India is putting in renewed efforts to strengthen its relationship with countries like Bangladesh, Sri Lanka and Afghanistan.
“Concerns over digital information and its security has made it essential to have good firewalls and systems which has in turn made it a part of the national effort in ensuring cyber security” the army Chief said.
Denying rumors that China might be funding terrorists to fight against India, General Rawat also assured that the Army is ready to handle mobilization during and after the winter months to meet with any threats on national security.
Over 100 Indian Army personnel have moved to the Supreme Court, alleging discrepancies in the promotion of officers of the services corps. The issue has come to light just days after Nirmala Sitharaman took over as the nation’s new Defence Minister.
As per the report in Times of India, the officers stated in the petition, “This act of Army and Union Government has created tremendous injustice to them and others which are detrimental to the morale of the officers and, in turn, to the defence of the country.”
In a joint petition, the group of lieutenant colonels and majors affirmed that despite services corps officers being stationed in operational areas and facing issues similar to combat arms corps officers, they are being deprived of promotions, which are available to officers of combat arms. Expressing their disappointment over this discrimination, the petitioners said that this inequality is affecting the morale of officers who have dedicated their service to Indian army for 10-15 years.
In February 2016, the apex court of India settled an earlier petition, wherein services corps officers complained of in adequate allocation of Colonel posts for promotion. However, the officers have stated that this time they are challenging the partial treatment, without questioning the court’s 2016 judgement.
Major Shikhar Thapa posted with the 8 Rashtriya Rifles in Uri was shot dead by a jawan around midnight yesterday. According to the police, Major Thapa confronted Naik Kathiresan G for usage of cell-phone in the sensitive areas near Line of Control in Jammu and Kashmir.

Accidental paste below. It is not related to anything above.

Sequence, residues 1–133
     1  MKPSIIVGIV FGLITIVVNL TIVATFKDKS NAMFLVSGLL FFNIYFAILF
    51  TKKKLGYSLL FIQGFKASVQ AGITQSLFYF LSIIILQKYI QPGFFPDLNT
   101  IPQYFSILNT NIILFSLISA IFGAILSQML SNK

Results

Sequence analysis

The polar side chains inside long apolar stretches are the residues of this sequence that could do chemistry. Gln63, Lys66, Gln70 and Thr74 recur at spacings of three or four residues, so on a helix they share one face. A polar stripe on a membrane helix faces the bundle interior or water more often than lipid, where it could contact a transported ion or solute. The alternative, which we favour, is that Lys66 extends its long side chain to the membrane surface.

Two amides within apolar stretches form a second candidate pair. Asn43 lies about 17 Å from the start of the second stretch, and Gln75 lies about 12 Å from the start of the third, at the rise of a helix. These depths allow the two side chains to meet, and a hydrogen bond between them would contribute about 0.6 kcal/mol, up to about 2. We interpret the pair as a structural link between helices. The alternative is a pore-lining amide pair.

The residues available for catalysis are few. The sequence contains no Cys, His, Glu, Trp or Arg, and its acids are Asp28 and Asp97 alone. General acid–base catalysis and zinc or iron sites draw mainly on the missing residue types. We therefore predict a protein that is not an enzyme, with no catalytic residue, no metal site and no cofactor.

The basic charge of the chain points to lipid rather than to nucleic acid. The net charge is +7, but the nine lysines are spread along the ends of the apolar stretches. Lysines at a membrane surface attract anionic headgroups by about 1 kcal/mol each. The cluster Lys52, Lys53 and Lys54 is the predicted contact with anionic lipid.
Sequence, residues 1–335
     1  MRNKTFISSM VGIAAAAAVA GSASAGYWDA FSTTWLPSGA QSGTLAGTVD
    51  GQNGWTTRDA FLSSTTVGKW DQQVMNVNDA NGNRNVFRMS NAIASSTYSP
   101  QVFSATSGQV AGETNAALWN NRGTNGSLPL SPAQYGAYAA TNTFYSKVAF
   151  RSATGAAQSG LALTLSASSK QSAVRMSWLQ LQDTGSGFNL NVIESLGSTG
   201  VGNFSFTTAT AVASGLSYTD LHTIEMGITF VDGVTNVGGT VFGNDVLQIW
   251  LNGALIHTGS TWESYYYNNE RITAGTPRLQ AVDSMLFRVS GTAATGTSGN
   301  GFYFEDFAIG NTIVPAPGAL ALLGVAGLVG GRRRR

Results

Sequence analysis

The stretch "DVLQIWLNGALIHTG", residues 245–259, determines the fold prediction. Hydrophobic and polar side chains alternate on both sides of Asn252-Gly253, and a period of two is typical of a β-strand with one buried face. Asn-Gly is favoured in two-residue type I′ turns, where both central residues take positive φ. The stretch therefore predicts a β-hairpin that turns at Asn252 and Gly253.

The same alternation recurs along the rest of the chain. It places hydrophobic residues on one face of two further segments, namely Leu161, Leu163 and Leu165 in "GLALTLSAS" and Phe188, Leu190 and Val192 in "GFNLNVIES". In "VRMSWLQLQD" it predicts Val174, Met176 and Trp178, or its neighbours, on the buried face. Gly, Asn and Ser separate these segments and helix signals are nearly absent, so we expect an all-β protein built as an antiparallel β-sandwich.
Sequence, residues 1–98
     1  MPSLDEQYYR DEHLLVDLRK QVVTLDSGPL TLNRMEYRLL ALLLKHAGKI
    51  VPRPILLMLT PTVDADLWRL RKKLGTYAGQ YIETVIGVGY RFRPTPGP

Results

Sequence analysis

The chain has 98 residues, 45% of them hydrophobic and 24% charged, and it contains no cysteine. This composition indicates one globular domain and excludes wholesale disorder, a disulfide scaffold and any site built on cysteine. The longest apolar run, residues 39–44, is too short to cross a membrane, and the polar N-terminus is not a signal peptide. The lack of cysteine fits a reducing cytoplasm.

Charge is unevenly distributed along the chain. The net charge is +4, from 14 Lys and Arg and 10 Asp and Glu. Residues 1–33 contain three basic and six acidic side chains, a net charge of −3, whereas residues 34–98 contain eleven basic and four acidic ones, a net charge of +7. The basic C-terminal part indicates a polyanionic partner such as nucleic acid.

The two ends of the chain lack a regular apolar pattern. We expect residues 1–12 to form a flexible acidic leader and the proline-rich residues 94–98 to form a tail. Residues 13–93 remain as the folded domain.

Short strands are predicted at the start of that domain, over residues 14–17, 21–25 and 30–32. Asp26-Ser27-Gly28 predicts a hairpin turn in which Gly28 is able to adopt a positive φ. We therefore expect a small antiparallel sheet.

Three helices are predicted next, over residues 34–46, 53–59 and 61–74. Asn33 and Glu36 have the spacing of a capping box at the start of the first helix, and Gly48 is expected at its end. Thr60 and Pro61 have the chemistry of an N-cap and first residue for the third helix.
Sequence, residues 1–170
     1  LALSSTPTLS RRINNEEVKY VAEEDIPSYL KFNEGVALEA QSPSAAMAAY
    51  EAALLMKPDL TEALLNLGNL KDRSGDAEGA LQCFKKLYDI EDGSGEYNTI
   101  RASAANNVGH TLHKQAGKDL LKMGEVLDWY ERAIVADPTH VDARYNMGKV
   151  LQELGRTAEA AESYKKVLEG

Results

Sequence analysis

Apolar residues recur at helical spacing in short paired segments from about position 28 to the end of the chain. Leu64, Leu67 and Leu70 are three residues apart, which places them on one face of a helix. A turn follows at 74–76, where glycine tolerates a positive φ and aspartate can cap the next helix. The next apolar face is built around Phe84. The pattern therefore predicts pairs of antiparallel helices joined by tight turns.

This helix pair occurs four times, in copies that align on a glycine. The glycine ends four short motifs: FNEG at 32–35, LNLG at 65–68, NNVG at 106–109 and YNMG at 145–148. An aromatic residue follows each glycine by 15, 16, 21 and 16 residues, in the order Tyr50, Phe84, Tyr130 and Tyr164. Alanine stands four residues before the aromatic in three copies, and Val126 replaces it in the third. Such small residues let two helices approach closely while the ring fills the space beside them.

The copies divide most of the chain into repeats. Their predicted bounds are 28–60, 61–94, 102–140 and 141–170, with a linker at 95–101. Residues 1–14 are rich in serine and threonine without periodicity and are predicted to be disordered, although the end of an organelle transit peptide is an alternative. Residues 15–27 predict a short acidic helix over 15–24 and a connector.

CNN News18’s Mufti Islah reports that the Major and the jawan exchanged heated arguments after Thapa berated Naik over the issue. Naik took to extreme measures after Thapa snatched away his phone and shot him multiple times with his service rifle. Thapa met his unfortunate end on the spot.
Major Shikhar Thapa belonged to & Armoured Regiment but was involved with the 8 Rashtriya Rifles which is the army’s elite counter-insurgency unit developed in Uri.
The army has ordered a court of enquiry over the issue and has for obvious reasons considered this as a case of fratricide.
This is the fourth incident of fratricide from the defense services in the past three years according to the data produced by the minister of state for defence Subhash Bhamre.
The army and police were investigating the incident and are expected to issue an official statement by tomorrow.
The Indian Army, on June 21, 2017, rejected indigenously-built assault rifles made by the Ordinance Factory, after the 7.62 x 51 mm prototype was found to be far below standard.
PTI reported that the assault rifles were rejected due to their “poor quality and ineffective fire power”. These new weapons were meant to replace the current and outdated INSAS rifles (India’s New Small Arms System Rifles). The rifles, made in the Ichapore Rifle Factory, located outside Kolkata, miserably failed in the firing tests last week.
According to the officials “a complete redesigning of the magazine” was required before it could even be considered for the Army. The Ministry of Defense’s PMT (Project Management Team) ruling that the assault rifle was “at best only a prototype and requires comprehensive design analysis and improvement.”
This is the second year in a row that the Army has rejected home-made rifles. Earlier, in 2016, the Army rejected 5.56 mm Excalibur guns, another variant of assault rifles for its failure to meet required standards. The old rifles which the Army has been using since 1988, were scheduled to be replaced this year. The Army was in the need of more advanced weaponry for quite some time for counter-insurgency operations, but that has not seen any development yet.
The Army’s multiple rejections of technology come as a major blow to the much coveted ‘Make in India’ campaign that seeks to boost manufacturing in the indigenous sectors. Notably in 2015, when India’s first multirole light fighter Tejas was being considered to be included in the Indian Air Force’s fleet, the Comptroller and the Auditor General of India (CAG) reported that the indigenous made Tejas was riddled with problems.
The Indian Army has begun field trials of the highly-coveted Howitzer M777 guns, near Pokhran. This is the same location where the historical nuclear test of 1998 took place. The Indian Army received its first shipment of two Howitzer guns on May 18, 2017. They were manufactured by the US-based BAE Systems’ Global Combat Systems division.